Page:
Cabaret and football: Life before death in the Holocaust
Songs composed and performed by Jews confined in a Nazi ghetto during the Holocaust have been pieced together by researchers and can now be heard again - a distant echo of the daily lives of men and women who would one day, if not immediately, be sent to their death.
In a hushed studio theatre in the heart of Tel Aviv, the ghosts of the Holocaust are singing again.
A small group of performers has been recreating songs written in the ghetto of Theresienstadt - the prison community near Prague where the Nazi authorities gathered Jewish families from Czechoslovakia and beyond between 1941 and 1945.
Composers and songwriters like Viktor Ullman and Karel Schwenk were among the prisoners and they left an extraordinary testament to the durability of the human spirit as they waited at the gateway to oblivion.
Around 160,000 Jews passed through the ghetto in its four years of operation - 36,000 died there of malnutrition, mistreatment and disease. Of the 90,000 men, women and children who were sent east to death camps like Auschwitz only 4,000 returned.
But the music of Theresienstadt doesn't sound or feel like a requiem for the dead - much of it was written in the cabaret style popular in Central Europe between the wars.
It has a spiky, sarcastic feel to it - shot through with sudden shafts of sentimentality.
Ullman and Schwenk, together with the other artistes, perished in the Holocaust and it took an extraordinary piece of musical archaeology to bring their songs back from the dead.
"Five years ago, we interviewed 20 survivors from Theresienstadt," explains Professor Michael Wolpe, the musicologist behind the project.
"Each one of them sat down and sang us songs from the cabaret, and there were a few who even play the piano a bit. As I understand from the survivors, [the music] is absolutely like it was then."
Rediscovering the music of Theresienstadt (known as Terezin in Czech) provides a sharp reminder that while most of us have a clear picture of the outline story of the Holocaust, relatively little is known about how daily life was lived within it.
New exhibitions in Israel of photographs of football matches played inside the ghetto underline that perception.
Games were played in front of substantial crowds with some spectators looking down on the seven-a-side matches from balconies high above the courtyard that served as a pitch.
Search on the internet and you will easily find the unbearably poignant footage of the doomed players - most had been transported to the death camps within weeks or months of the film being shot.
One of the few who survived was Peter Erben - now 91 and living in the Israeli Mediterranean city of Ashkelon with his wife Eva, who also lived through the nightmare of Theresienstadt.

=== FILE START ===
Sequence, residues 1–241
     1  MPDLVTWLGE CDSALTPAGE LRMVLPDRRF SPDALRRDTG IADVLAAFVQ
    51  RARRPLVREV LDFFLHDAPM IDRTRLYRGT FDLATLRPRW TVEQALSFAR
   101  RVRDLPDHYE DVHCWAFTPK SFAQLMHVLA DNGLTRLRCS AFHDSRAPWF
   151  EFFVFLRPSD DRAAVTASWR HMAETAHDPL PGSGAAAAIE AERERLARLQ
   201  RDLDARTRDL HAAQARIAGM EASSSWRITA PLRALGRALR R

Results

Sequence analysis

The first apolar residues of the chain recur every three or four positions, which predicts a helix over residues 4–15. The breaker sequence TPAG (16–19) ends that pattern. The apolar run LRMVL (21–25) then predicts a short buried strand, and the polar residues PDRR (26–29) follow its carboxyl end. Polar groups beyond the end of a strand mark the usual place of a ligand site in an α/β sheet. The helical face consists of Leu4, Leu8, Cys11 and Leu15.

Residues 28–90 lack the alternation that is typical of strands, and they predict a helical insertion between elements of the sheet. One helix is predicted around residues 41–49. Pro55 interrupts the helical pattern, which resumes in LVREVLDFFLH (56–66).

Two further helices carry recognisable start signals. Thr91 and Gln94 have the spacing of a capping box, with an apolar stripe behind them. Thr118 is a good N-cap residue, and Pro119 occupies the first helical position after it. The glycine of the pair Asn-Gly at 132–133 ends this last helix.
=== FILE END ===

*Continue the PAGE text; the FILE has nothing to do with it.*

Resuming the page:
Peter's memories of the Holocaust are grimly compelling - he survived transportation to the death camp because he was moved to Theresienstadt late in the war, when the approach of the Soviet army was already disrupting the operation of the camps.
He survived a period in the slave labour camp at Mauthausen in Austria too, his personal story an extraordinary odyssey of good luck woven into a tapestry of despair and depravity.
Of his days playing football in Theresienstadt as he waited through the long months for the inevitable transfer to Auschwitz he says simply: "Football was very important in Theresienstadt - there was a game every week and thousands of people came. Even the SS men were there in civilian clothes. They liked it too."
We have grown used to the over-arching narrative of the Holocaust with all its cruel destruction - but we know little of its grim subtleties, and perhaps struggle to find the words to describe them.
The truth is that Theresienstadt was a place of death but it was less brutal than the ghettos of Poland or Lithuania. It's not clear exactly how that came about - it may have been determined by the character of local commanders, or it may have been that the Germans drew ethnic distinctions between Jews from Central Europe and Jews from countries to the East.
The Czech ghetto was still a gateway to hell but because it was less brutal and squalid than the others it also came to play a role in one of the most extraordinary of all the German propaganda operations of World War II.
In an attempt to disguise the true nature of the Holocaust, the Nazi authorities consented to a request from the Danish Royal Family to allow a visit by Red Cross inspectors.
The results were a shameful farce - the inspectors seem to have agreed to speak only to the guards and commanders and not the malnourished inmates who were ordered to sit around in fake cafes drinking water dyed black so that it resembled coffee. Peter was one of those inmates.
The Germans even shot a propaganda movie, although they lost the war before they had a chance to show it around Europe.
Oded Breda, director of the Terezin House - a museum set up by survivors to commemorate and study the ghetto - says the film remains a powerful piece of propaganda for Nazi apologists and Holocaust deniers to this day.
"That film is still working. Look at it on YouTube and look at the comments that are left. People are saying, 'Look at Jews during the war, how they even played football. There was nothing [sinister].'"
If Oded Breda is right to claim that Holocaust-deniers are still reinforcing their grotesque perversions of historical fact with Nazi propaganda films then there are worrying signs for the future.
It is a good moment perhaps to pause and listen to the ghostly voices of the musical past in Theresienstadt, and remember the truth.